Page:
Study: Legal Weed Doesn’t Increase Teen Use
One of the biggest worries of cannabis prohibitionists and a main argument against legalisation is that legal cannabis, even when just for medical purposes, increases teen use. Yet study after study has actually shown that no, this is not the case. Some have even shown that, if anything, teenage use of cannabis goes down where it is legal.
A team from the Columbia University in New York have decided to add their voice to the debate, assessing the federal data of self-reported marijuana use by teens aged 12-17 in US states with legal medical marijuana between the years of 2002 and 2011.
What they found was that a change in the law permitting the prescription of medical marijuana did not cause an increase in underage cannabis use. They did point out that states with legal medical marijuana tended to have higher teenage usage rates in general when compared to states with no medical marijuana programme, but these high ratios of use were already present before weed was legalised, and were not affected by legalisation.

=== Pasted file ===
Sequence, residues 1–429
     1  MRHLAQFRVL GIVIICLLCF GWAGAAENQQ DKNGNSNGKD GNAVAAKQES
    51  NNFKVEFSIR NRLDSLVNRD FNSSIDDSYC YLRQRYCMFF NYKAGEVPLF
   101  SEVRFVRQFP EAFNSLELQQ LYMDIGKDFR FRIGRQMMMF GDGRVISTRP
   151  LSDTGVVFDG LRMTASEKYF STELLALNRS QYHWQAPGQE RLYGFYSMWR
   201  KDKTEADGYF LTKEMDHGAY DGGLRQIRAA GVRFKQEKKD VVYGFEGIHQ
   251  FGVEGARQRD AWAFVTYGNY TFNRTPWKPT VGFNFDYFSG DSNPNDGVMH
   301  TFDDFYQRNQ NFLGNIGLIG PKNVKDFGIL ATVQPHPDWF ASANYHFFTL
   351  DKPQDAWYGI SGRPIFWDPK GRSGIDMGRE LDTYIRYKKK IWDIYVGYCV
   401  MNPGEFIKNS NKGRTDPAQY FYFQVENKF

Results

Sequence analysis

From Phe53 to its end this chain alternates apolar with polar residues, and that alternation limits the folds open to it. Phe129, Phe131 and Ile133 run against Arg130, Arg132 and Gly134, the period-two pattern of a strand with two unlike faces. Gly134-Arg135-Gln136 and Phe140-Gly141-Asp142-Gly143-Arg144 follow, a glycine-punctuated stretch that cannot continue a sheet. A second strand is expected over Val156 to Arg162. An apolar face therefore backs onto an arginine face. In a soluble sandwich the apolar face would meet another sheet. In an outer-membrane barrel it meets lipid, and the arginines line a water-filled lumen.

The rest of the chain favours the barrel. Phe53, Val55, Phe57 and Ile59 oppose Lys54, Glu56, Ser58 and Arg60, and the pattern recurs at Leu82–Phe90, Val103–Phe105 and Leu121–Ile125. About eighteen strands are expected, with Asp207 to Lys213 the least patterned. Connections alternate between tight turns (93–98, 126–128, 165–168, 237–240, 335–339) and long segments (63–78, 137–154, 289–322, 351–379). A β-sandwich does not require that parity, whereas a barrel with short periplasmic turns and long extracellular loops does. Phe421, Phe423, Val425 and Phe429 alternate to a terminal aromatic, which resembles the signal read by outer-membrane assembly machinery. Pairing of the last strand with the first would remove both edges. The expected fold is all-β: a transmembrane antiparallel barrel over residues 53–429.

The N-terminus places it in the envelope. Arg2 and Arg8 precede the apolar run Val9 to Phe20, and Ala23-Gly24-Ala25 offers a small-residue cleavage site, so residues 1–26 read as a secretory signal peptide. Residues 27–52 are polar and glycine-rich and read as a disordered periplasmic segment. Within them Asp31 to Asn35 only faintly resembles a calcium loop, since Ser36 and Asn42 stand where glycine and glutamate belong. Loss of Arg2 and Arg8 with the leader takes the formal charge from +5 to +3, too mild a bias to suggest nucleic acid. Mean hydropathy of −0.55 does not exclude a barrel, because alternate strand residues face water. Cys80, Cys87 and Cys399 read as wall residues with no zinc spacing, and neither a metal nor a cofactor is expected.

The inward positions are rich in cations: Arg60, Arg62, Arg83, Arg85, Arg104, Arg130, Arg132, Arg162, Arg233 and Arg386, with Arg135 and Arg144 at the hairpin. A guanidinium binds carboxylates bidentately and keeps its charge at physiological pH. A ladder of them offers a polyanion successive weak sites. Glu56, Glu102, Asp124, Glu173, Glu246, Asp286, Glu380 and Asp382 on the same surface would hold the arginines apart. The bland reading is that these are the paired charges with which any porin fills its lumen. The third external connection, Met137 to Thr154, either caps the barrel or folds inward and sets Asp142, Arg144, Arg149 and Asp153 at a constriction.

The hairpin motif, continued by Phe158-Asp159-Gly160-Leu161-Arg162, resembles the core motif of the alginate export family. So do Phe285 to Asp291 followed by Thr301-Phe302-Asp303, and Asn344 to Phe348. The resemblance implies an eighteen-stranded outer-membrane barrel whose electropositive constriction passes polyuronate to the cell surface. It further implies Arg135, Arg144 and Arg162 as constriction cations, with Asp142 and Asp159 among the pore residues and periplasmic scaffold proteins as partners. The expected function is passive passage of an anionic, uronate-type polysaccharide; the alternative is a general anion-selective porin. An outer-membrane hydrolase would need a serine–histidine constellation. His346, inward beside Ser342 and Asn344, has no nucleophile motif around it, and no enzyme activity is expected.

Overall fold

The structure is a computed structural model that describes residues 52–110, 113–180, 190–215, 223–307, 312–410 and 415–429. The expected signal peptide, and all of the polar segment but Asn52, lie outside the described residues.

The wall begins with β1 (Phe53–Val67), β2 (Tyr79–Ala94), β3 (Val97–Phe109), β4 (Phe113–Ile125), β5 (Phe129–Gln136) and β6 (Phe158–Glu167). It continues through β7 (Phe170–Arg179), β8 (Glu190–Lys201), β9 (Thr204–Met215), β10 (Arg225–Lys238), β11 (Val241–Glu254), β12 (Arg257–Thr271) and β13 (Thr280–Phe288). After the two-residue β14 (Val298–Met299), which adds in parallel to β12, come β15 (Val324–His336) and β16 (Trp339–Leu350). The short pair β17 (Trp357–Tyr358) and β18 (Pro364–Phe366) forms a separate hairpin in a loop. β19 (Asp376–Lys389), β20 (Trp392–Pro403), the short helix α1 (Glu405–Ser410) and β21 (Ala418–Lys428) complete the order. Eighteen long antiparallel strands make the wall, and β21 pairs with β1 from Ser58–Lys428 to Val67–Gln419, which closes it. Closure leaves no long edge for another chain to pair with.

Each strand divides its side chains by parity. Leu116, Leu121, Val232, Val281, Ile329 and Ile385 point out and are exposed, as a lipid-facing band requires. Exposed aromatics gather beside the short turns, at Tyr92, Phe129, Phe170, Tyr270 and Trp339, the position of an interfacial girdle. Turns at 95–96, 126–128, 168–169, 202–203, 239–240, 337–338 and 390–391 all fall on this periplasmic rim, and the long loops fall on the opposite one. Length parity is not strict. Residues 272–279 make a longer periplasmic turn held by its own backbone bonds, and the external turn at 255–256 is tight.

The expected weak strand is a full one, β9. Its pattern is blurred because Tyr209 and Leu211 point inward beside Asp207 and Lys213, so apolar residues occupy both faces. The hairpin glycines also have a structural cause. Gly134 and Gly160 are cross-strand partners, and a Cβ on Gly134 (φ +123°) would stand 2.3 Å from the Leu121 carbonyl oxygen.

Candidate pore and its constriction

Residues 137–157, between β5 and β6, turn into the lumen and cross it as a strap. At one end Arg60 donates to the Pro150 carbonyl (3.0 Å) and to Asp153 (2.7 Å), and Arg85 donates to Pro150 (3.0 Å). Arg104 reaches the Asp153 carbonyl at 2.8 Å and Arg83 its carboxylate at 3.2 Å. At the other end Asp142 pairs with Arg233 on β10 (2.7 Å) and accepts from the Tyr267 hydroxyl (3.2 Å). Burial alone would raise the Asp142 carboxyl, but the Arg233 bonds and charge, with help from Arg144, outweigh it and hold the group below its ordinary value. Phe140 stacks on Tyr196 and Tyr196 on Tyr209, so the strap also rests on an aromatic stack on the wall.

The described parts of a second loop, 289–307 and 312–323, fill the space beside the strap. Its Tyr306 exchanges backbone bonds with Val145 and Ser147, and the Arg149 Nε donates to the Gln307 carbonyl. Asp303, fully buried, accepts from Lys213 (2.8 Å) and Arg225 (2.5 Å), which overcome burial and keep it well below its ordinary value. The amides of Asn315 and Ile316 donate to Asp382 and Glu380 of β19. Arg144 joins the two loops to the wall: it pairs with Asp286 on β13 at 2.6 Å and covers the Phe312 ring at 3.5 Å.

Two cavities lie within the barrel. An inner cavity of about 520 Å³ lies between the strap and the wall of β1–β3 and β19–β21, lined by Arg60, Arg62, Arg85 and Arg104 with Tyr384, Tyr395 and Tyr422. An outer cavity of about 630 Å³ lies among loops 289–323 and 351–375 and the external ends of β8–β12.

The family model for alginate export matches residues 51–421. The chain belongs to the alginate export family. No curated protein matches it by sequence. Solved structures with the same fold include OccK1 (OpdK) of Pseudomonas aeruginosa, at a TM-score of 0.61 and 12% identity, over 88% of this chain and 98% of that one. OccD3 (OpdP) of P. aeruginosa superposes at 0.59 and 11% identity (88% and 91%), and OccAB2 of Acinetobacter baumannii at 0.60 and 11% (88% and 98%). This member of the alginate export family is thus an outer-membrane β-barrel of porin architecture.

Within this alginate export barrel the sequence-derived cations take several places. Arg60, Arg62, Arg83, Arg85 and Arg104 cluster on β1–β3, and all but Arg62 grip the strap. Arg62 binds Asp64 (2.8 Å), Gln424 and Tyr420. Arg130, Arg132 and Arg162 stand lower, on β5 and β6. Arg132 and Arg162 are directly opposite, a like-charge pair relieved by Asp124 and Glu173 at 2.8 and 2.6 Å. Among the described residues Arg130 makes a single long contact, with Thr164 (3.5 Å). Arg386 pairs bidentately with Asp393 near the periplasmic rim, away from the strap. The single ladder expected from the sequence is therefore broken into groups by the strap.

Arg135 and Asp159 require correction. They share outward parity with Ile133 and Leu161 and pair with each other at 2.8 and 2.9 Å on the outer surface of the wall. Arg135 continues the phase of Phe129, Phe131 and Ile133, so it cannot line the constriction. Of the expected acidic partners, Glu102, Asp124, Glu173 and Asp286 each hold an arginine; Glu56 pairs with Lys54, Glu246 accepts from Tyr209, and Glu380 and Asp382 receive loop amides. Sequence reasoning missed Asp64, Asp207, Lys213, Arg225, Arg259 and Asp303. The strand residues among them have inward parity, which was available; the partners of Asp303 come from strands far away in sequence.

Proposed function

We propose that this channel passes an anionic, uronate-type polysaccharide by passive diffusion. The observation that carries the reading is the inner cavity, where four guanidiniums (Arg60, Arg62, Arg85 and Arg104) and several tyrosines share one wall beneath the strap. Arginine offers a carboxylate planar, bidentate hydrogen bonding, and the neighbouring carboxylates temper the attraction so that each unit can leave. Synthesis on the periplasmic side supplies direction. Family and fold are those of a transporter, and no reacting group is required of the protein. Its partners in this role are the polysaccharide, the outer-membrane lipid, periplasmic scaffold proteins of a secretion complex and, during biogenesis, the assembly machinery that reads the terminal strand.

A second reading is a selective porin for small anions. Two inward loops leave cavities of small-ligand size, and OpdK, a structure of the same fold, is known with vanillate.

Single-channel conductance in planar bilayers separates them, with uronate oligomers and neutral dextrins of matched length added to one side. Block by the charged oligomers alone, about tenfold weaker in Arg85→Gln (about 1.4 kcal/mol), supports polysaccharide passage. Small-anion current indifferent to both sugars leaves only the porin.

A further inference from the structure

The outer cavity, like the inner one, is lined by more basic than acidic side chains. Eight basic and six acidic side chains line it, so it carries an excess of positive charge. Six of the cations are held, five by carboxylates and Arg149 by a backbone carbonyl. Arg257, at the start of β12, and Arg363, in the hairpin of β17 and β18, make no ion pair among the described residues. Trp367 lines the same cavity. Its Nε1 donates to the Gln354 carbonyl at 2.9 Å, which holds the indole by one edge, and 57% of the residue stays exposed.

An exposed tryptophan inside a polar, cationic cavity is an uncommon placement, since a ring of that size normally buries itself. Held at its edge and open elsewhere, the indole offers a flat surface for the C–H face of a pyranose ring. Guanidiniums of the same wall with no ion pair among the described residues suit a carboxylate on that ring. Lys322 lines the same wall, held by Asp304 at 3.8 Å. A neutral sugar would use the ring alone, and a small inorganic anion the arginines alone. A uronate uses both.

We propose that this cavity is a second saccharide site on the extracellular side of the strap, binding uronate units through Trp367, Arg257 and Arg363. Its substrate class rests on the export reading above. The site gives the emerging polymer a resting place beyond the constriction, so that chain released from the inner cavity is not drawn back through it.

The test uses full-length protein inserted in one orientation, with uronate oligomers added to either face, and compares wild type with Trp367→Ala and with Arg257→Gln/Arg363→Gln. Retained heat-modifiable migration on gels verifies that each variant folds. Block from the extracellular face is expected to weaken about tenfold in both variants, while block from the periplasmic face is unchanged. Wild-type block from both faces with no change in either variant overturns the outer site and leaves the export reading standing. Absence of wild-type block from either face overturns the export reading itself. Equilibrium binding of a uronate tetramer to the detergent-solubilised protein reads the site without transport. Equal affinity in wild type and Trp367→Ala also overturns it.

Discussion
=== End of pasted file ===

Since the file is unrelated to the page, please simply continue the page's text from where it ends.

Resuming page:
“While states with MML (medical marijuana laws) feature higher rates of adolescent marijuana use, to date, no major U.S. national data set, including the NSDUH (US National Survey on Drug Use in Households), supports that MML are a cause of these higher use levels,” the paper concluded. “[...] When within-state changes are properly considered and pre-MML prevalence is properly controlled, there is no evidence of a differential increase in past-month marijuana use in youth that can be attributed to state medical marijuana laws.”
It just goes to show, the evidence in favour of legalisation, especially on medical grounds, grows stronger every day. Those who deny a potential benefit to society need to pull their heads out of the sand and get with the times. It isn’t the 70’s anymore, calling cannabis names and hoping no-one notices doesn’t work these days.
Written by: Josh
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